The Buskaid Trust was founded in the UK in 1992 by British viola player Rosemary Nalden in response to a BBC programme highlighting the difficulties besetting a string project in Diepkloof, Soweto. Rosemary enlisted the support of 120 distinguished UK professional musicians who took part in a simultaneous fundraising “Busk” at 16 British Rail Stations in aid of the young African musicians. A number of similar charitable events were held over the next few years.
In 1997, responding to requests from the local Diepkloof community, Rosemary established the Buskaid Soweto String Project, formed from fifteen members of the original project and a few new beginners. Based in a tiny run-down church office, the little project was soon overwhelmed with requests from local youngsters eager to join. With rapidly increasing numbers, these facilities were woefully inadequate; in 1999, assisted by generous grants from South African companies and trusts, Buskaid built its own dedicated Music School in the grounds of another church in Diepkloof.
The Buskaid Music School now offers specialised string tuition to approximately 110 youngsters aged between four and 30. Over the years the school has had to turn away hundreds of students through lack of resources, and in 2002 Buskaid implemented a very successful teacher-training scheme for both junior and senior students. Apart from Rosemary Nalden and Sonja Bass, Buskaid’s cello and bass teacher, the string staff consists solely of senior Buskaid students, five of whom are currently employed as assistants to Rosemary and Sonja. They in turn are supported by a number of younger trainee teachers. To celebrate the 20th Anniversary of the founding of the Buskaid Trust, and the Buskaid Music School’s 15th Anniversary, the Buskaid Project was renamed the Buskaid Academy of String Teaching and Performance.
In fifteen years the school has produced an outstanding string orchestra which, through numerous appearances at corporate functions in South Africa, has generated significant revenue for the Buskaid Trust. Apart from its many regular South African appearances, the Buskaid Soweto String Ensemble has toured internationally on some twenty-one occasions, performing with great success in London, Paris, New York, Los Angeles, Holland, Ireland, New Zealand, Botswana, Syria, and Colombia; and as guest artists at the City of London and Cheltenham International Festivals (2001 and 2004) and the New Haven International Festival of Arts and Ideas (2003). In February 2007 the Ensemble travelled to Paris with four members of the Cape Town-based project Dance for All to take part in Sir John Eliot Gardiner’s “domaine privé” at the Cité de la Musique, featuring the music of Jean-Philippe Rameau. Two days later the Ensemble presented its own classical programme at the Cité, for which it received standing ovations and a rave review from Le Monde.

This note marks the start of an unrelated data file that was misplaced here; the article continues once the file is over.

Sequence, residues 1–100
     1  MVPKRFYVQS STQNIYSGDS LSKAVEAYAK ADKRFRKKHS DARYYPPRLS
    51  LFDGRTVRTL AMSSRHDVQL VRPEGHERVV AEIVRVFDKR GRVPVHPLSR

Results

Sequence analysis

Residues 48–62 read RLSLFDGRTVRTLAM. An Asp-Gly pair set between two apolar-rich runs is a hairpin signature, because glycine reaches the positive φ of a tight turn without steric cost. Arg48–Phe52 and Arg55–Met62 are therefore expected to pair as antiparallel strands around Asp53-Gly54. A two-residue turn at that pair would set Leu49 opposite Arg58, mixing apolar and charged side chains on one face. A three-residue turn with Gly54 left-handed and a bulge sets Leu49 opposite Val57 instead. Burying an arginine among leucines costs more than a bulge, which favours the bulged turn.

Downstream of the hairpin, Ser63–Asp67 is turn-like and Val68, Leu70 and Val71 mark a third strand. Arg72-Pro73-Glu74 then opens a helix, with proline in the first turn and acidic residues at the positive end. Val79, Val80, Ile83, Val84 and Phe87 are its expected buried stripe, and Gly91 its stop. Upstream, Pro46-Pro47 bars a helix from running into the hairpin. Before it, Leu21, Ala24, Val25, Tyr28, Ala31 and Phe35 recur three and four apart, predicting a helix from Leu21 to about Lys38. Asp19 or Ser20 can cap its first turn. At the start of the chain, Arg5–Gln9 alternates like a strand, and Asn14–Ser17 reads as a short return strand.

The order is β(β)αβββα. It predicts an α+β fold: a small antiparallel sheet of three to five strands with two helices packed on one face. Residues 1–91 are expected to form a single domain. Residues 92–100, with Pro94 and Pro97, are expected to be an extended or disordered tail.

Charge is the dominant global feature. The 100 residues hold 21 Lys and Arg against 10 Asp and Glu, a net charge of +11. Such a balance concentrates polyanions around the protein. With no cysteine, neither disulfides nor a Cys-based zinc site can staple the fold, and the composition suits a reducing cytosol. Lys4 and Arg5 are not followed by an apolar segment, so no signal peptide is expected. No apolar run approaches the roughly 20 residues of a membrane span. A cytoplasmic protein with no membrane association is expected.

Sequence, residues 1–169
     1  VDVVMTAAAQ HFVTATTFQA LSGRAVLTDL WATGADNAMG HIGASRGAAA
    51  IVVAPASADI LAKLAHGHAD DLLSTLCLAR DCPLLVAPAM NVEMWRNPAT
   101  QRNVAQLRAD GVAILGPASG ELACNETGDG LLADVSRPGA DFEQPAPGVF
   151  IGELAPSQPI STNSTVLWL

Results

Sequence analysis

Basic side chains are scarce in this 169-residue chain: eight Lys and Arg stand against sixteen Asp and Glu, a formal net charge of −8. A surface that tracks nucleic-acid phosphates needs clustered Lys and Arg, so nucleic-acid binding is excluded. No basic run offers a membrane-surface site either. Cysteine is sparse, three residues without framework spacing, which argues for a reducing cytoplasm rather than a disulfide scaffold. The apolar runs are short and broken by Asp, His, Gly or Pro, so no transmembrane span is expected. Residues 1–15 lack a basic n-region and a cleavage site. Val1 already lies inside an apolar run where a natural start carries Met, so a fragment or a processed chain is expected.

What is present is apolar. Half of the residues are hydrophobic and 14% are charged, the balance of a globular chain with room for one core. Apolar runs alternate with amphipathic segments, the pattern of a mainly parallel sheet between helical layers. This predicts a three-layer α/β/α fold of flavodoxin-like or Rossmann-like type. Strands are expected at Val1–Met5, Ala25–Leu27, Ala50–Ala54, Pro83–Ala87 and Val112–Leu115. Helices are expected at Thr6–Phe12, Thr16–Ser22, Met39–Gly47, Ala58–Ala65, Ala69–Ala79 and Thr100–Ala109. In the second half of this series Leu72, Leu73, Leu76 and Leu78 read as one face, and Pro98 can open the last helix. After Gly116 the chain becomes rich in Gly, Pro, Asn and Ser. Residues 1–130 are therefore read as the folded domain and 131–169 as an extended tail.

On March 10 2012, nine Ensemble members appeared at the UK Observer Newspaper’s TEDx presentation at Sadlers Wells Theatre, London as part of Rosemary Nalden’s TED presentation about Buskaid. Two days later this Ensemble gave a highly successful concert in central London to a packed and ecstatic audience. The Ensemble’s most recent overseas tour was to France in June 2012, where they gave five highly acclaimed concerts in Paris and Toulouse.
The Ensemble has performed several times in the presence of Nelson Mandela, for Her Majesty Queen Elizabeth 11, HRH Prince Charles and other members of the British Royal family, as well as for many distinguished foreign dignitaries, including the First Lady of the United States of America, Mrs Michelle Obama.
The Buskaid Ensemble has been widely acclaimed for its intuitive grasp of classical musical style as well as for its unique African sound. It has recorded five CDs, of which the fifth, Crazy, features the Ensemble playing Timothy Kraemer’s arrangements of ‘classic pops’. Soweto Strings, Mark Kidel’s award-winning documentary about Buskaid which has been shown worldwide, also features Buskaid’s 2007 Paris concert.